Toy Tech: Perspective (Part 2)

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QUICK N SIK

Sketch for work: Hot Wheels © 2013


When more complex film designs are worked out alongside
corresponding play sets or toys for retail, I usually ratchet it up a bit by building a
low polygon model in Maya 3D. Once that model corrects my initial rough
freehand sketches, I draw over that in digital freehand to complete my design
thoughts. More often than not, I’m using 3d just so I can play around with
camera angles to get the most dynamic positioning and check my measurements.

So, it’s the best of both worlds—computer accuracy integrated
with freehand techniques. This allows you to have complete control over your design
process every step of the way. From using high-powered 3d programs to roughing
out simple perspective guidelines on a Photoshop layer, you now have more
avenues than ever before to create precise ideation design sketches.


PERSPECTIVE GRID CINTIQU

Rough perspective grid on a Photoshop layer to be used as a guideline.

The trend in the retail toy industry regarding the staffing of
design teams has already seen this shift in requiring computer skills combined
with conventional design skills. Team leaders are also expected to have digital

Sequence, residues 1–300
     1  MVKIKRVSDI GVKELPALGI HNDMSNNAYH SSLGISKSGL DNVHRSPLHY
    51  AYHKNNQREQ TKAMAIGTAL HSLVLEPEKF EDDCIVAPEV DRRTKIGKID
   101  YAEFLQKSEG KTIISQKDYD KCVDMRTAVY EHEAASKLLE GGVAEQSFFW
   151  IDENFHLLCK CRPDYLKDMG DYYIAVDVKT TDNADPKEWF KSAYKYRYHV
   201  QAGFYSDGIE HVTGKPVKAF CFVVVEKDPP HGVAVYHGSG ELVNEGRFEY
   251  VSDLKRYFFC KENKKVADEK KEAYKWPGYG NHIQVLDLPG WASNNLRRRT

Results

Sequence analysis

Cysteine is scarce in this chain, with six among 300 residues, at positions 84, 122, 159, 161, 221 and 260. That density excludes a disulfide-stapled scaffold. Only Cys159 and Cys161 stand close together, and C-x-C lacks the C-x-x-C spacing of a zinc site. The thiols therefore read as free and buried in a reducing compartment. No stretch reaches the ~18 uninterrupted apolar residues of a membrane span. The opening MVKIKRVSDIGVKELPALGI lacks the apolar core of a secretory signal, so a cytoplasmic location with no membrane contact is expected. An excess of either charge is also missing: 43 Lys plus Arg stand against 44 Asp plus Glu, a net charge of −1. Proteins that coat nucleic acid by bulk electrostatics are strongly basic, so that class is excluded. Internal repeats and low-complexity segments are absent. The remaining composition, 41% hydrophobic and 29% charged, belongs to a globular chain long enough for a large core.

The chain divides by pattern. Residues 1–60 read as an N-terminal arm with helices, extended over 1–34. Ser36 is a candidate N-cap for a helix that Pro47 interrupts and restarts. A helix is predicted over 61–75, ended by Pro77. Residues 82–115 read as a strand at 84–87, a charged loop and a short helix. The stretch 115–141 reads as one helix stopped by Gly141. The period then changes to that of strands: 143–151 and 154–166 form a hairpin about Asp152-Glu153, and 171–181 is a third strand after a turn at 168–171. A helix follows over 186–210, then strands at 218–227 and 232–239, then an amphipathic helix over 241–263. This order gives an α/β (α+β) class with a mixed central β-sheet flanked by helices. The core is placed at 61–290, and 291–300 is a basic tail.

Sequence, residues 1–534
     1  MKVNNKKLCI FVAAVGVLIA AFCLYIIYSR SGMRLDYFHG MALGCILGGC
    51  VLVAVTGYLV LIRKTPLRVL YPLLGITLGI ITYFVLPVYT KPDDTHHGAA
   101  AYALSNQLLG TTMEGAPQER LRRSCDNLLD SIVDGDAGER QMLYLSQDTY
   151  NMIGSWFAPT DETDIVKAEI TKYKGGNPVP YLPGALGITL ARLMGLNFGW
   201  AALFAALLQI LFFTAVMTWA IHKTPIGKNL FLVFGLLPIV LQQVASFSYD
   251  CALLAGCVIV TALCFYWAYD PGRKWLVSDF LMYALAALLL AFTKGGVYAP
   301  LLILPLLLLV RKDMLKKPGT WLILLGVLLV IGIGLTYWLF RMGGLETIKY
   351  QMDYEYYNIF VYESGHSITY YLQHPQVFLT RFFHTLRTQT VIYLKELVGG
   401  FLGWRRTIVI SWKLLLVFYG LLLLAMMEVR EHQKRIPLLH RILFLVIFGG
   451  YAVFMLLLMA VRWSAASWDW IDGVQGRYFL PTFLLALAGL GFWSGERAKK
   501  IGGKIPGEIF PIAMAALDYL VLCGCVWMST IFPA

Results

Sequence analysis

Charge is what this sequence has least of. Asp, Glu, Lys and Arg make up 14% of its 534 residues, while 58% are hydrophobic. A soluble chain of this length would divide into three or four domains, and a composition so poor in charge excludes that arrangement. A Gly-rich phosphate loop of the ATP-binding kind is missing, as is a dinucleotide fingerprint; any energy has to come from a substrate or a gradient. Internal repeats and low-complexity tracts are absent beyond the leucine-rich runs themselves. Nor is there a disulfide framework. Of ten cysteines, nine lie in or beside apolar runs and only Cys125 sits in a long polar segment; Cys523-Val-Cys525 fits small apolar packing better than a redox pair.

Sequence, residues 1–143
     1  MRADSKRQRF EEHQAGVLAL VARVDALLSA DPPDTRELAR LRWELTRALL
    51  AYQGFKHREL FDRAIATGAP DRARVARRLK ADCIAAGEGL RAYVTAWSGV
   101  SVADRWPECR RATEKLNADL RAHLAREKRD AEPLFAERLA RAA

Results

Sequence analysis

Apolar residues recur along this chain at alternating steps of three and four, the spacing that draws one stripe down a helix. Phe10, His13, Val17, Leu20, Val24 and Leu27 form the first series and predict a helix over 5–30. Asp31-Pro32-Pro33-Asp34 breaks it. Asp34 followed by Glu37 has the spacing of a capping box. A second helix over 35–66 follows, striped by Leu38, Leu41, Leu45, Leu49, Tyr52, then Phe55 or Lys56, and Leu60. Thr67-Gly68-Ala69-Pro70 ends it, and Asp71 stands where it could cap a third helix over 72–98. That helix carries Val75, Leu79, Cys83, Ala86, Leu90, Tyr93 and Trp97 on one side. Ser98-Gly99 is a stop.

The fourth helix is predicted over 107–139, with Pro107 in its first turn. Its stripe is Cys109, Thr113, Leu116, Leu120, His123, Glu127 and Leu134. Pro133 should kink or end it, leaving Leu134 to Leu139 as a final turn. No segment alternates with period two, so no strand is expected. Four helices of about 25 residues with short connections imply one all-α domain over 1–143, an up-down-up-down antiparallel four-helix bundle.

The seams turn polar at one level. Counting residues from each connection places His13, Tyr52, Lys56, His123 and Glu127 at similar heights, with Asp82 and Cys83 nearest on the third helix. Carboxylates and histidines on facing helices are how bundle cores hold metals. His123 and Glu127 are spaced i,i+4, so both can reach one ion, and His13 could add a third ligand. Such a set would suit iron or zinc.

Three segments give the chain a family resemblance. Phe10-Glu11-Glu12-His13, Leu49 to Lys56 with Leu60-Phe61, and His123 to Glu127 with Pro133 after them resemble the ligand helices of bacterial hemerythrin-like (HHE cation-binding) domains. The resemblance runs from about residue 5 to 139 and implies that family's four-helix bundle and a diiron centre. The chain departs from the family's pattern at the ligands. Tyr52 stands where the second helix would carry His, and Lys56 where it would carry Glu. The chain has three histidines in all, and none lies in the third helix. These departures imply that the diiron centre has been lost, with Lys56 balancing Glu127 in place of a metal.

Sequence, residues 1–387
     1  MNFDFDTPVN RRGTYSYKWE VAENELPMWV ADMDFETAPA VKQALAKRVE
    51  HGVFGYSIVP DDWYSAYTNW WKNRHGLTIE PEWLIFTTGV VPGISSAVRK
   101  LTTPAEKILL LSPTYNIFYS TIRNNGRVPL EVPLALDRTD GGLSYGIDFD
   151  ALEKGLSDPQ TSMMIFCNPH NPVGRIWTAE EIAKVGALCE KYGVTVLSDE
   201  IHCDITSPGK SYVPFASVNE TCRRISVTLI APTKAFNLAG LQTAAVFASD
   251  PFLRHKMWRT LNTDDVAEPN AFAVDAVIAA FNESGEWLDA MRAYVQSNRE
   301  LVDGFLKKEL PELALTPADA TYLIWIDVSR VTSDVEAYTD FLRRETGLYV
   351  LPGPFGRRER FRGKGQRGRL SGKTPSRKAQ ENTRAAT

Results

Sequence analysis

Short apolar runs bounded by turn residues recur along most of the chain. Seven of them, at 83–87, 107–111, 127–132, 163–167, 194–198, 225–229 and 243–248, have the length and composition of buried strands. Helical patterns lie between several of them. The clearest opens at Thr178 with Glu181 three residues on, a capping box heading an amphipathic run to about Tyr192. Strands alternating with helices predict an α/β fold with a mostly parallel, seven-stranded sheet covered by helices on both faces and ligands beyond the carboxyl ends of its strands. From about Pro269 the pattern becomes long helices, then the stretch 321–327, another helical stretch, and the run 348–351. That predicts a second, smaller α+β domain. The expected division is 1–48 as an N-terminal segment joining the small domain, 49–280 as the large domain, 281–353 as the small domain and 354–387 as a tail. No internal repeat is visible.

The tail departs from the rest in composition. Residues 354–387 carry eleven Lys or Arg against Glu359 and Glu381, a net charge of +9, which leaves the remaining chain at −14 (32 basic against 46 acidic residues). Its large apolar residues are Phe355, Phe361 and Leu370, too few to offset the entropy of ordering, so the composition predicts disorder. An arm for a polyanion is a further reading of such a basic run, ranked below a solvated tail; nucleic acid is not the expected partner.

skills to effectively manage the workflow and continually grow employee skill
sets—both growth patterns will make or break the future of a corporate entity.
That’s why some companies fade away and others become even more prominent all within
the same economic climate.

Continued development is vital in all strategic skills that
involve your career such as ideation, design and digital applications. To be
straight out with you—the corporate environment today demands nothing less than
your very best. You should never stop growing or think you have arrived—the
creative journey is never ending and always evolving in terms of ideas and
technology.

One of the best ways to continue to learn and find inspiration is gleaning wisdom from the experience of other people in the industry who are more than willing to share. I really like Bruce Lund’s book, Bruce’s Beliefs, I think I read it three times now and it
still inspires me. The same can be said for Richard Gottlieb’s articles on
Global Toy News and the information that has been streaming online pertaining to the World Congress of Play.

There are so many people in this industry to draw inspiration
from—make sure you take advantage of these valuable resources. What is so amazing about
being a creative thinker is that we actually grow through interaction with other
creative thinkers—steel sharpens steel. I certainly would not be where I am today both professionally and personally without the great mentors I have been fortunate to have worked with over the years.

I think we can all agree that your work speaks for itself—so
what does it say? Make sure your ideation sketches represent your ideas in the
best possible light by giving them the solid foundation they deserve. My Disney
mentor once told me that the difference between a really impactful image and
one that misfires is only a few minutes of upfront prep work. Do you have an
extra few minutes?

 

Continued in part 3 . . .

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